This study was undertaken in an effort to assess the impacts of recent policy, organizational, and technology changes on the delivery of employment services to welfare recipients. The study examines five of the most developed and promising One- Stop Job Centers around the country to find out what makes them work well, and to understand their potential for moving people from welfare to self-sufficiency. This study does not provide a formal evaluation of these model programs, but identifies those approaches and practices that seem to be working well in various locations. The report identified three key factors which tend to contribute to the success of the One-Stop Job Center: the degree of integration of services, locating welfare and employment services in the same place, and individualized attention to clients. The centers experienced common problems in such areas as quality and design of data systems as well as such common challenges in reaching the welfare population as substance abuse mental illness. Welfare-to-work programs tended to place a their clients in a fairly limited set of typical occupations, including: certified nurse assistant, clerical support, light manufacturing, sorting and packaging, retail trade, and self employment. Based on limited data that varies from site to site, the employment and wage outcomes reported for a sample of welfare clients referred to a One-Stop center during a given 12-month period hovers between 40 and 50 percent, with wages typically averaging between $5.50 and $6.50 an hour. These jobs were clearly dominated by entry-level work and not sufficient to support a family without continued public assistance.

AGENCY SPONSOR: Office of Human Services Policy

FEDERAL CONTACT: Kaye, Kelleen
202-401-6634

PIC ID: 7152

PERFORMER: University of Washington
Seattle, WA

Get Organized: A Guide to Preventing Teen Pregnancy

This practical tool kit for families which want to prevent teen pregnancy is divided into three volumes: Focusing on Kids, Involving the Key Players, and Making It Happen. Volume One, Focusing on Kids, involves the following topics: promising approaches to preventing teen pregnancy, tailoring pregnancy prevention to stages of adolescent development, developing pregnancy prevention programs for girls and young women, involving teen boys and young men in teen pregnancy prevention, and involving youth in teen pregnancy prevention programs. Volume Two, Involving the Key Players, covers the following topics: involving parents and other adults, involving the faith community, involving schools, and involving healthcare professionals. Volume Three, Making it Happen, covers the following topics: getting your community involved in a teen pregnancy prevention project, tailoring a program to your community through needs assessment, planning and carrying out a teen pregnancy prevention project, raising funds for teen pregnancy prevention, working with the media to promote teen pregnancy prevention, building evaluation into your work, and moving forward in the face of conflict.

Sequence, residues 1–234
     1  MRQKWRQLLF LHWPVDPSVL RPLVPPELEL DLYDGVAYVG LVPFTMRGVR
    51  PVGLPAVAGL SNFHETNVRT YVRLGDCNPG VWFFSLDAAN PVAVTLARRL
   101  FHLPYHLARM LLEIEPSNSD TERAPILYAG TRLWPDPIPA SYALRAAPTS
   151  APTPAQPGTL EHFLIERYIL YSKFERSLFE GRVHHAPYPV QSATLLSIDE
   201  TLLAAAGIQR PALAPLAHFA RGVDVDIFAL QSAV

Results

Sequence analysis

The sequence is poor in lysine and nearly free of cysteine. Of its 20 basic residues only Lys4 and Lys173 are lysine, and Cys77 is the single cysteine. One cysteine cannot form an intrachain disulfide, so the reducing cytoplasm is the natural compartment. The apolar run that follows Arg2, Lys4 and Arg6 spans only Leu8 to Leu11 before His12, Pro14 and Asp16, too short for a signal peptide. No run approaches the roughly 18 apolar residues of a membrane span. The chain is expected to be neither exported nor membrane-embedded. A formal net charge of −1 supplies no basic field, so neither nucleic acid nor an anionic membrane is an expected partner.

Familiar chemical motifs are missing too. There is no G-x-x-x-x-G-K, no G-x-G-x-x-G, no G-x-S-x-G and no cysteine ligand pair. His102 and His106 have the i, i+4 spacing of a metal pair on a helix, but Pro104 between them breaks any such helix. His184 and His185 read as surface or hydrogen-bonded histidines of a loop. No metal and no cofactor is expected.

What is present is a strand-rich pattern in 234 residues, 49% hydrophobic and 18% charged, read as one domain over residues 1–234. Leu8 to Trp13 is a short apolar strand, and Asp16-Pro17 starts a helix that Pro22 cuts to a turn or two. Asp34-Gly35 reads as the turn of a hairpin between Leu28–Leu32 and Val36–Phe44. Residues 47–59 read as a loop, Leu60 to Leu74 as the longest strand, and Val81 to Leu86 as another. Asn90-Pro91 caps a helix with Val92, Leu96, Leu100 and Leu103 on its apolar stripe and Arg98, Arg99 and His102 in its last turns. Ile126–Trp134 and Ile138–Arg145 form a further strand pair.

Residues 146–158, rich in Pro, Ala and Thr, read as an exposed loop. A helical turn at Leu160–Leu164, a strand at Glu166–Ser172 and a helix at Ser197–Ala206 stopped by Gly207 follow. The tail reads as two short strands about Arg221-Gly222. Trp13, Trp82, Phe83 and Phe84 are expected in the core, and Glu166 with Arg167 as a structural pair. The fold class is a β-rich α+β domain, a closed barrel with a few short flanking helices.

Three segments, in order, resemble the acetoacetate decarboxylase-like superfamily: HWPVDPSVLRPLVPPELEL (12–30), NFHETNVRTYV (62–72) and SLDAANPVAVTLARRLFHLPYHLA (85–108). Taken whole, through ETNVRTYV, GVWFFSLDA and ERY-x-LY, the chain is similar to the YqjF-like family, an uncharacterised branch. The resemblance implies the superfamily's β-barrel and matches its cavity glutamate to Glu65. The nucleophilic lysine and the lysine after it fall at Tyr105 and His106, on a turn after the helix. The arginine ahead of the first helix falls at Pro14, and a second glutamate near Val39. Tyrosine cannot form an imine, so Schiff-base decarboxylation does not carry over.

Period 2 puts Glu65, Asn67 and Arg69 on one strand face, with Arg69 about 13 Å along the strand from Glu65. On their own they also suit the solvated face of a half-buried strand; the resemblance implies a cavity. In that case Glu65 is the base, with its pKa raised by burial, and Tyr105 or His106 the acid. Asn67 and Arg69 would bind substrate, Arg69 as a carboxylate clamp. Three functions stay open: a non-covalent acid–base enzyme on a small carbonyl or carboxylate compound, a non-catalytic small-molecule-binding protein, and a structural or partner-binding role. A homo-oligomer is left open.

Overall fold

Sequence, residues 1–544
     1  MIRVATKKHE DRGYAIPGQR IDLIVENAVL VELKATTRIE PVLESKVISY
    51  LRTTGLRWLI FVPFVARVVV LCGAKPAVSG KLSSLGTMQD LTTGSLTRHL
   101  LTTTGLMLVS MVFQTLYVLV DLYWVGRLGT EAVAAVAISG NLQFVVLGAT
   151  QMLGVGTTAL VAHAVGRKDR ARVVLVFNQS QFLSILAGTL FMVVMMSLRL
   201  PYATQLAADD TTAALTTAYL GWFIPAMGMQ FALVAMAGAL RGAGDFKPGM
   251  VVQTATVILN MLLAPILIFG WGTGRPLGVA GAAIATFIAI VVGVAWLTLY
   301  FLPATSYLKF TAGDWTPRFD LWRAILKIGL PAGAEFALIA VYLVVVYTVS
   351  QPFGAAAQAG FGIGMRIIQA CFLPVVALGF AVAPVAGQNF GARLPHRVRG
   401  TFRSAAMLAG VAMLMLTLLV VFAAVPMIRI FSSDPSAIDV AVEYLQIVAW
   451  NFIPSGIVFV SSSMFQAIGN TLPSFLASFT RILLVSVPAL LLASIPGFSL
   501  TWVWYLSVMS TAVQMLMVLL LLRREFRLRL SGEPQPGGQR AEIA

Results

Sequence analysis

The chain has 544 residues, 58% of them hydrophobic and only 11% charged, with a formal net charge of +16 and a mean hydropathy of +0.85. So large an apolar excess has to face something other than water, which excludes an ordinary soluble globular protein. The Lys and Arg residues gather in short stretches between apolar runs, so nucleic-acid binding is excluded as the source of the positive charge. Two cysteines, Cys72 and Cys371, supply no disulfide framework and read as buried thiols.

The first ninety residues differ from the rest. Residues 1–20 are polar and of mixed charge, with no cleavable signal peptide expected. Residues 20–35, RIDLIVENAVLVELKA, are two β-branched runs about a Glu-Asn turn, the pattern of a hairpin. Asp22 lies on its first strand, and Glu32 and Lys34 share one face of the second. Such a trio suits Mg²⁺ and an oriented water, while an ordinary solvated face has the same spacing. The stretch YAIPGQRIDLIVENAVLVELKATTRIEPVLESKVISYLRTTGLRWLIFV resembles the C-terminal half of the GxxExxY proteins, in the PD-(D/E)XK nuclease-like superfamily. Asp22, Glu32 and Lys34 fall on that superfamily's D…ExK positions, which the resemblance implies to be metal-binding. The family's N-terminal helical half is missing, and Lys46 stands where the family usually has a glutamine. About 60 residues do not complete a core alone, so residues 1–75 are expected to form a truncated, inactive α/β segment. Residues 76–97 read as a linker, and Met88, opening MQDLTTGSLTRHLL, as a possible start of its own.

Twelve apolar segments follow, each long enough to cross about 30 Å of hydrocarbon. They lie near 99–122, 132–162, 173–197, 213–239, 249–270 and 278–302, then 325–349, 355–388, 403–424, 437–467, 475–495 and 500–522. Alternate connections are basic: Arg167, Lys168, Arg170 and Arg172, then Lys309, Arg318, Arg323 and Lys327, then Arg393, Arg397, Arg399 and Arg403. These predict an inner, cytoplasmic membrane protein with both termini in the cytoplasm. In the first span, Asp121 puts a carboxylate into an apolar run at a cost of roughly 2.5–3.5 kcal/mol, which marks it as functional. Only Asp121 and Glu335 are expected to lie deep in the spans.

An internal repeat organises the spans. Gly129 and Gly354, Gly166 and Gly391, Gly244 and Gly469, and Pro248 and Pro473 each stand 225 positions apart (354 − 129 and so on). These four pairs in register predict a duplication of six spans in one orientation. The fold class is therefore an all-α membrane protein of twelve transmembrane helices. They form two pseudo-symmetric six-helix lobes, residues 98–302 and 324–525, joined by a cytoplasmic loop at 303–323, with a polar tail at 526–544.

AGENCY SPONSOR: Office of Human Services Policy

FEDERAL CONTACT: Chessen, Sonia
202-690-8471

PIC ID: 6725.1

PERFORMER: Urban Institute
Washington, DC

Getting off the Ground: Early Implementation Findings about Child Support Enforcement, Head Start, and Child Care Collaboration Demonstrations

The purpose of this report is to provide early findings on the implementation of five State-initiated demonstrations designed to explore collaborations between child support enforcement, Head Start, and child care programs. The early findings indicate that the demonstration projects are making progress in meeting their goals. Also, the partner's agencies have gained an enhanced understanding and trust, and the knowledge base of Head Start and child care staff about child support services and vice versa, has broadened. The second goal of the project, to increase the access of families to child support services through the cooperation and assistance of child care and Head Start programs is being realized. These demonstration grants have increased the willingness and ability of Head start and child care staffs to collaborate with child support agencies. Some agreement has also been reached toward the third goal of the project--to increase child support staff's understanding about the importance of father's nonfinancial involvement in the lives of their children. An important task remaining for the demonstrations is to find ways that child support staff can assist child care and Head Start staffs in increasing voluntary establishment of paternity and payment of support.